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Fall’s flamboyance: The science of autumn leaves

To many, Utah’s fall leaves are a dazzling display of nature’s beauty. To Eleinis Ávila-Lovera, the autumnal switch to reds, yellows, oranges and purples tells a chromatic story of survival.

“Whenever I see plants outside, I’m always thinking what’s going on at a cellular level and why they’re doing what they’re doing. It always goes back to what’s best for the plant through evolutionary time,” said Ávila-Lovera, assistant professor in the School of Biological Sciences. “We might think that they just want to put on a show for us, but the changing fall colors are part of a strategy that allows these plants to survive the climate they experience in their natural habitat.”

A Black-Latina woman samples a tree in a desert landscape.

PHOTO CREDIT: Mark De Guzman

Eleinis Ávila-Lovera, assistant professor in the School of Biological Sciences, collects plant branches in Morongo Valley, CA.

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Ávila-Lovera is a plant ecophysiologist who researches how plants respond to and tolerate drought. She figures out the mechanisms and traits underlying plant strategies that allow vegetation to cope with extreme water limitations. For example, some desert plants drop their leaves during the hottest and driest months to preserve moisture. In the mountains, the psychedelic foliage works in much the same way—trees that are deciduous drop their leaves to preserve nutrients and prevent freezing over harsh cold winter months.

All about pigment

Fall officially begins after the autumnal equinox, when the Northern Hemisphere begins to slowly tilt away from the sun. The shortening daylight triggers the beginning of the changing colors.

“Deciduous trees want to drop their leaves in a controlled way to preserve some of their nutrients and sugars. This process is called leaf senescence,” Ávila-Lovera said. “They can transfer leaf sugar into their stems, which lowers the freezing temperature of the water in their tissue. They can also store elements like nitrogen, phosphorus, sulfur, magnesium and amino acids to use for the next growing season.”

The reason most leaves are green is because of a pigment called chlorophyll. Chlorophyll molecules absorb all wavelengths in the visible light spectrum except for green. The green wavelength reflects into our eyes, so that’s all we can see. Chlorophyll is essential for photosynthesis, the process by which plants make their food using carbon dioxide and sunlight. Chlorophyll is an unstable molecule, so leaves must synthesize it constantly.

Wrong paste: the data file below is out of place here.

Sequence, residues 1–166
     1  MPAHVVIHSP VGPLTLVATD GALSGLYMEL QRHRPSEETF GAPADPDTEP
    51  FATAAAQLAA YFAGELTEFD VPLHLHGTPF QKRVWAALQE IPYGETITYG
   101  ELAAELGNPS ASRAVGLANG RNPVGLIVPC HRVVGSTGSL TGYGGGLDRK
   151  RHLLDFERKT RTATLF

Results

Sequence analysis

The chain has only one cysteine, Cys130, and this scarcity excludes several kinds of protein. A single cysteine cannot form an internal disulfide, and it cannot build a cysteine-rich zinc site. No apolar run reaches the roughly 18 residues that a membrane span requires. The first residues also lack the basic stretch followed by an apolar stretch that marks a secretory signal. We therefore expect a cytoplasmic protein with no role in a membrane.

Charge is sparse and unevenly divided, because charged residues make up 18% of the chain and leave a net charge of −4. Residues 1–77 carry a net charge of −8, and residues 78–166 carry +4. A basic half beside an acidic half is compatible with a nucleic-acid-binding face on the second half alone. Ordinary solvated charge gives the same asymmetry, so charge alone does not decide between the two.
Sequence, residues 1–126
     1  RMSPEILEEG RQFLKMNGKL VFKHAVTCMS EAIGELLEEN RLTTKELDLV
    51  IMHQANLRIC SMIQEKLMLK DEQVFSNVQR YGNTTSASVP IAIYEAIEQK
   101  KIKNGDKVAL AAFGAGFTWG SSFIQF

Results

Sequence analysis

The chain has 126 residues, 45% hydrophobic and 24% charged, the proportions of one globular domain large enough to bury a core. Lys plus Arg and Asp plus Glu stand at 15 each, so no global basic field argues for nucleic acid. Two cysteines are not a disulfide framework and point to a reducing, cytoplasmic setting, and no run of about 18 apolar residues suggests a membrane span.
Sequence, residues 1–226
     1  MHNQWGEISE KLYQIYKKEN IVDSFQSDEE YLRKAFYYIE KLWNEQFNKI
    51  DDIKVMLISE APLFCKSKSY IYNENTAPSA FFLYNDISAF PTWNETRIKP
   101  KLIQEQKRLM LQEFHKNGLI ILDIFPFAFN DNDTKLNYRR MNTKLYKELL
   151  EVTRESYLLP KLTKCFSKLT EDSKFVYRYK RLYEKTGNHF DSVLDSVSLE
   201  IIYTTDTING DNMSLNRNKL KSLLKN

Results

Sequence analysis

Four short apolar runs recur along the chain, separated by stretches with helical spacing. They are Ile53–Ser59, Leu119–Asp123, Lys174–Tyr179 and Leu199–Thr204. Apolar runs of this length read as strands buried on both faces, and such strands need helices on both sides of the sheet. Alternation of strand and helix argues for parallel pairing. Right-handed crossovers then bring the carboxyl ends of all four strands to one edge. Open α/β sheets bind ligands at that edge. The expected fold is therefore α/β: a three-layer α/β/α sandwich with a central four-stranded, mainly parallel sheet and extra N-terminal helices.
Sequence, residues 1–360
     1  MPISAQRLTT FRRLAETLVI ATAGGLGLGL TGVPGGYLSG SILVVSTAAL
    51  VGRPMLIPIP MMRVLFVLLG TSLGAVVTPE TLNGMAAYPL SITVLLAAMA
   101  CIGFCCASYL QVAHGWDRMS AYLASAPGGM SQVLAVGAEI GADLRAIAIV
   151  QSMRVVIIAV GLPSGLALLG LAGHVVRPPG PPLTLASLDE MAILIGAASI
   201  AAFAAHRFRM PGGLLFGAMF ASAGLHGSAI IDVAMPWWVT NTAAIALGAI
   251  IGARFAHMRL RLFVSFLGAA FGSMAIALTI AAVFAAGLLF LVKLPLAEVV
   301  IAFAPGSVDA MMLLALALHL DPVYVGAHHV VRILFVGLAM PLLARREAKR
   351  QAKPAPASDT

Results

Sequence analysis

A curly haired doodle dog stands in front of changing leaf canopy with mist on a mountainside.

PHOTO CREDIT: Jessica Taylor

Archie enjoys the fall leaves changing in Millcreek Canyon.

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Other pigments exist in leaf tissue—carotenoids, such as carotenes and xanthophylls, are the orange and yellow pigments that boost the plant’s light-harvesting capabilities and protect its tissue from UV damage. Anthocyanins provide the plant’s red pigments. Some leaves contain anthocyanins year-round, but many deciduous plants start producing them due to a build-up of sugars. As daylight grows shorter, the base of the leaf grows a wall of cells that slowly clogs the veins that carry fluids, sugars and nutrients into and out of the leaf. These clogged veins trap sugars in the leaves and precede the production of anthocyanins, which act as extra protection against UV damage. Once the wall of cells completely seals up, the leaf can fall off.

With less sun energy in the winter, the plants stop replenishing chlorophyll. As the molecules begin to break down, the other pigments are revealed. Yellows are the xanthophylls, oranges are carotenes and anthocyanins, reds and purples are anthocyanins.

“Without chlorophyll, the other pigments become unmasked. The colors that we see depend on the proportion of the pigments that the leaves have. Aspens for example only show bright yellow leaves because they have only carotenoids. But, other trees, like maples or oaks, produce anthocyanins and show that red and purple pigment. I think those are most beautiful—the changing color is just amazing,” said Ávila-Lovera.“These colors are so interesting. Sometimes, you may see multiple colors within the same leaf, and you think, ‘Oh, there must be a different distribution of pigments making up this leaf.”

Every deciduous plant species has a genetic code that determines what kind of pigments it will produce. However, external factors can influence when the process starts, and the vibrancy of changing leaves. If there’s a wet winter that keeps the soil at an optimum moisture level, the plant can produce lots of pigments in healthy leaves. By fall, the robust pigments will be more vibrant. Alternatively, if there’s a freak weather event that causes a cold snap and leaves freeze off, the plant will be left with fewer resources to keep it healthy over the winter.

“Species living in these conditions, they have evolved these specific strategies to allow them to continue living and surviving in this type of ecosystem,” Ávila-Lovera said. “With the rate that climate change is happening, we are not sure if plants are going to be able to keep up with these changes and acclimate andevolve. So, that’s one of the things that we can start thinking about—how do these climate change influence plan survival through the lens of drought, or extreme weather events, or how that would affect the process ofcolor changing during the fall?”


  • Lisa Potter Research communications specialist, University of Utah Communications